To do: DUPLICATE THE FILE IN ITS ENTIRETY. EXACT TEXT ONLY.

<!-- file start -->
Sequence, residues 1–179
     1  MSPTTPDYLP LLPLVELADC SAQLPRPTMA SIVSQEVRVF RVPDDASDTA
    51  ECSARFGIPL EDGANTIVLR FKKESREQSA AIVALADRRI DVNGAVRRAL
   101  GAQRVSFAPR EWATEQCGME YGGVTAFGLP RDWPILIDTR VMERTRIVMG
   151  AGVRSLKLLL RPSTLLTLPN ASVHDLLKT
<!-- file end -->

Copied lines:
Sequence, residues 1–179
     1  MSPTTPDYLP LLPLVELADC SAQLPRPTMA SIVSQEVRVF RVPDDASDTA
    51  ECSARFGIPL EDGANTIVLR FKKESREQSA AIVALADRRI DVNGAVRRAL
   101  GAQRVSFAPR EWATEQCGME YGGVTAFGLP RDWPILIDTR VMERTRIVMG
   151  AGVRSLKLLL RPSTLLTLPN ASVHDLLKT